Academic journal articles are an excellent source of scholarly information on your topic. Here are a few tips for finding journal articles:-
You can use iFind to locate journal articles on a topic or by a particular author, if you want to carry out a more thorough search it is better to use electronic databases. Some of these databases (e.g. JSTOR) contain full-text articles, while others (e.g Web of Science) contain only a citation (or record) and abstract (a summary) of the article. In this case, you will often see a 'iGetIt@Swansea University' link which you can click on to see if we hold the article here.
Getting more results
Getting fewer results
Critically appraising your sources is a crucial element of any literature search. You need to consider is your sources are:
Ask yourself the following questions about the information you have found.
What sort of information?
This is a list of databases that are relevant to Classics, Ancient History & Egyptology students. If you click 'view more results' you can explore all our databases, access database descriptions and filter by database type.
Google can be a useful tool for finding information online. However, it can be difficult to find the most relevant and reliable sources of information from a list of thousands or millions of results. Don't assume the results at the top are the best ones! The following strategies will help you search Google more effectively.
Use your keywords and the command site:url to find results from one website or from a group of websites. For instance, a search for foundation phase site:gov.wales will find information about the Foundation Phase from the Welsh Government website. You could use site:ac.uk to search academic websites.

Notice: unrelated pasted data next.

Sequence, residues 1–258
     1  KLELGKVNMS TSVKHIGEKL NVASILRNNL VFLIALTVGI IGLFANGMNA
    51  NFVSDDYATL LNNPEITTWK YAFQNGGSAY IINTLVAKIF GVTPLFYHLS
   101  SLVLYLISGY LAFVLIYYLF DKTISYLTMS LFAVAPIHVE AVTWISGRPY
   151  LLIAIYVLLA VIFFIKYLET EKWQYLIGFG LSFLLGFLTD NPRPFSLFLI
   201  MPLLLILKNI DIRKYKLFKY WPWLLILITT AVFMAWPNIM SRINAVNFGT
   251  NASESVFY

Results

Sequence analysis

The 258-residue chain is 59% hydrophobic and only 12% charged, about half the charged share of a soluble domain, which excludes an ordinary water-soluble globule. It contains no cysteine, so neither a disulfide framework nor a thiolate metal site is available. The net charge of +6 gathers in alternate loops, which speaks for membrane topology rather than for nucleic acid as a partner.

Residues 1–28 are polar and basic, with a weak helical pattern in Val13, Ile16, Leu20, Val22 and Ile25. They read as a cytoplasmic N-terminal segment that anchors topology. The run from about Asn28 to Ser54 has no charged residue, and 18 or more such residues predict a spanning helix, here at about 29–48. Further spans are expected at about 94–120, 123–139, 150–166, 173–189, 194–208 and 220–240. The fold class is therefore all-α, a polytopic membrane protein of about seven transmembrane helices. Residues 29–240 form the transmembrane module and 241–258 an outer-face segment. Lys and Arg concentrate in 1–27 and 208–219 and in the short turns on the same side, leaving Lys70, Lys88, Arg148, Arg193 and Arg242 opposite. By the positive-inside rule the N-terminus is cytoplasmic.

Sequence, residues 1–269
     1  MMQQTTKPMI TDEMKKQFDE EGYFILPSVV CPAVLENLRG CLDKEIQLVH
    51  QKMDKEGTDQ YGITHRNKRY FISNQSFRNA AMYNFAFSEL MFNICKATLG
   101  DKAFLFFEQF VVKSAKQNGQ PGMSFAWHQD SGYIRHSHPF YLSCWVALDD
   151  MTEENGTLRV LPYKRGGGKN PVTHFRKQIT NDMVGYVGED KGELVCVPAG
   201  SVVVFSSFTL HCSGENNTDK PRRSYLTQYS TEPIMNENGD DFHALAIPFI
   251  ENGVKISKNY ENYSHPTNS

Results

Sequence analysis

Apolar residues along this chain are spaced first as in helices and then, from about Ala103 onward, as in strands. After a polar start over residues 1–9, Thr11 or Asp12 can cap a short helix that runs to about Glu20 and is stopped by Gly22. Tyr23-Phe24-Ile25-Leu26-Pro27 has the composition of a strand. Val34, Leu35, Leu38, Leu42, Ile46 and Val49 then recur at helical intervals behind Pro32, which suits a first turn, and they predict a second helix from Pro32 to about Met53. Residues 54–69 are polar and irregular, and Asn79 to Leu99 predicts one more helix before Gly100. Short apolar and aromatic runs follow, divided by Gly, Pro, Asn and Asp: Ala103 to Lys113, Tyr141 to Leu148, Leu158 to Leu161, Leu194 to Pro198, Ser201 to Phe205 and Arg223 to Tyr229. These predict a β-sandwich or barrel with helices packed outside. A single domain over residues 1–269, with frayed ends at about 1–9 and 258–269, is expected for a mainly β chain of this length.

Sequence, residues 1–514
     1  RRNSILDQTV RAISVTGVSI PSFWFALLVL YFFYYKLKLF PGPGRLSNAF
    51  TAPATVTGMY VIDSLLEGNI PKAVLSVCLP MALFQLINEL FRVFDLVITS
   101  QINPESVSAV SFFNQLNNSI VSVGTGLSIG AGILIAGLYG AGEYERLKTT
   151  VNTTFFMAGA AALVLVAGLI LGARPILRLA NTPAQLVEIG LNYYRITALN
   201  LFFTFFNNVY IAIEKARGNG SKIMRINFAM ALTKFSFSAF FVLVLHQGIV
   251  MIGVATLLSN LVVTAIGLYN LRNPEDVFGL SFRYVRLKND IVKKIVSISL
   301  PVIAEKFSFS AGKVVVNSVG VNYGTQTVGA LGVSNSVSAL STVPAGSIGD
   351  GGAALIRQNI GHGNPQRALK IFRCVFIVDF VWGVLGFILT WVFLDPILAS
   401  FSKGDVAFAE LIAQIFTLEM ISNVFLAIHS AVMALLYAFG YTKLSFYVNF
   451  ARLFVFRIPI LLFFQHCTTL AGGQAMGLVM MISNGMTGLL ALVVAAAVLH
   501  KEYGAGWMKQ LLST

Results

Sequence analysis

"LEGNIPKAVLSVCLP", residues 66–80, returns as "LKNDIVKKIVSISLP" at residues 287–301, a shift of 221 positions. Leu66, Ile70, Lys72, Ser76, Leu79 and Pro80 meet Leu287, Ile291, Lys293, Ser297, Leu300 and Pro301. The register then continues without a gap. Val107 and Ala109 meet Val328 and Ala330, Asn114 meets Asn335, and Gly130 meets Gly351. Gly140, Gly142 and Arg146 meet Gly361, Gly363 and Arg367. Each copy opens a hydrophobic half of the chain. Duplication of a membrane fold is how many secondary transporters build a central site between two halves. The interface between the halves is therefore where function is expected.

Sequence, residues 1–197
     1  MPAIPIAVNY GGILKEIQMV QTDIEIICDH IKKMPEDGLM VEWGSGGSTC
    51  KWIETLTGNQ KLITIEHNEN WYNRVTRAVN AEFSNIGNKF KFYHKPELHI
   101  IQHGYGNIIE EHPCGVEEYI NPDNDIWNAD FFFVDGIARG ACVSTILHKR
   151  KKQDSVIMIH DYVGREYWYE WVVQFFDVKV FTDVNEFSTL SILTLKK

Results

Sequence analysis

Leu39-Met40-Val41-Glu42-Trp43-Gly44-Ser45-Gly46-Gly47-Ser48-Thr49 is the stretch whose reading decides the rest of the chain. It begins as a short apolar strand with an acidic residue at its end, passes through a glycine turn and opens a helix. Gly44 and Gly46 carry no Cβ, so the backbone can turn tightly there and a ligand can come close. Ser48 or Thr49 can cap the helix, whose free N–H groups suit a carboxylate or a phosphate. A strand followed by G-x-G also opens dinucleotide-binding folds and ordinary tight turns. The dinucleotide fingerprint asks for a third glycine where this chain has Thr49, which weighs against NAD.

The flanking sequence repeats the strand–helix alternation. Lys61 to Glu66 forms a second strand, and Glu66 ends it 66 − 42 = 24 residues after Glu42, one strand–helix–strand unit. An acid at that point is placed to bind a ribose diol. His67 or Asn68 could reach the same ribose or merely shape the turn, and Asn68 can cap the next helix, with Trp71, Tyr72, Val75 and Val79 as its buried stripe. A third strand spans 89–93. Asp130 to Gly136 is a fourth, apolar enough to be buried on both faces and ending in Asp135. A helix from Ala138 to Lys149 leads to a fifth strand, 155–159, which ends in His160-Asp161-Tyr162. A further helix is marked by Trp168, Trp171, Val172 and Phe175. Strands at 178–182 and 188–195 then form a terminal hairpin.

Use the command filetype: to limit your search to a particular type of document. This can be useful if you are looking for a certain type of information. For example, if you government documents are likely to be published in PDF form, so you could use filetype:pdf to limit your results to PDFs and make it easier to find what you need. Numerical data is likely to appear in a spreadsheet, so you could use filetype:xls to look for Excel documents.
Google Scholar searches scholarly literature such as journal articles and abstracts, but you may have difficulty accessing the full-text of the material you find. Linking your Google Scholar account to Swansea University will help with this. Just go to the settings cog from the menu
and then go to Library Links to find Swansea University.
Although Google Scholar can be useful, iFind and subject databases such as Science Direct have certain key advantages:-